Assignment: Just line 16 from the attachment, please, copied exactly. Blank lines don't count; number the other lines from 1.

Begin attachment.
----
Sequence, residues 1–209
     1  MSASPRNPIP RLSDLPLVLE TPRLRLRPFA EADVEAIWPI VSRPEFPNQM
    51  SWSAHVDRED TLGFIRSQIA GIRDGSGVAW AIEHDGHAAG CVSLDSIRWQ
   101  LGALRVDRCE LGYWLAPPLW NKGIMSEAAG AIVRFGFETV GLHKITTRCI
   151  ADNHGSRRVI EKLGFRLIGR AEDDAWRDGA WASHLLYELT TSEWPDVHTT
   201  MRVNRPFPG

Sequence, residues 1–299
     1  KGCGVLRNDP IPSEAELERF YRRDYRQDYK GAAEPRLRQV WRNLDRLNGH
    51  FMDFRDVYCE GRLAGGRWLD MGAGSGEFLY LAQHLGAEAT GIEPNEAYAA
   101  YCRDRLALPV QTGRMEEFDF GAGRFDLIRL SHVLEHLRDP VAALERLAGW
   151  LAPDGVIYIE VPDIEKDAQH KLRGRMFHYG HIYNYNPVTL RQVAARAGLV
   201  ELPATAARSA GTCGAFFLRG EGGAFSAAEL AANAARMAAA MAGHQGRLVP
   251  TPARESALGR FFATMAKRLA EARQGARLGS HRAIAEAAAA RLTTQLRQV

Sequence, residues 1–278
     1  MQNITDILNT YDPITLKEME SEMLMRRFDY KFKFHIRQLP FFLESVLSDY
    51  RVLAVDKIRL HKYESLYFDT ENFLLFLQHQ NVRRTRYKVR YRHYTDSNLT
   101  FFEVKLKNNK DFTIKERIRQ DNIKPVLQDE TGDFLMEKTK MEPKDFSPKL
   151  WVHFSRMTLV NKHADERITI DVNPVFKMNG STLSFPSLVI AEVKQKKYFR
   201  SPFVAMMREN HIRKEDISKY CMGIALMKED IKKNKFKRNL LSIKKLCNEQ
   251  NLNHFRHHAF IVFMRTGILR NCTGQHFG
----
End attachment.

    51  RVLAVDKIRL HKYESLYFDT ENFLLFLQHQ NVRRTRYKVR YRHYTDSNLT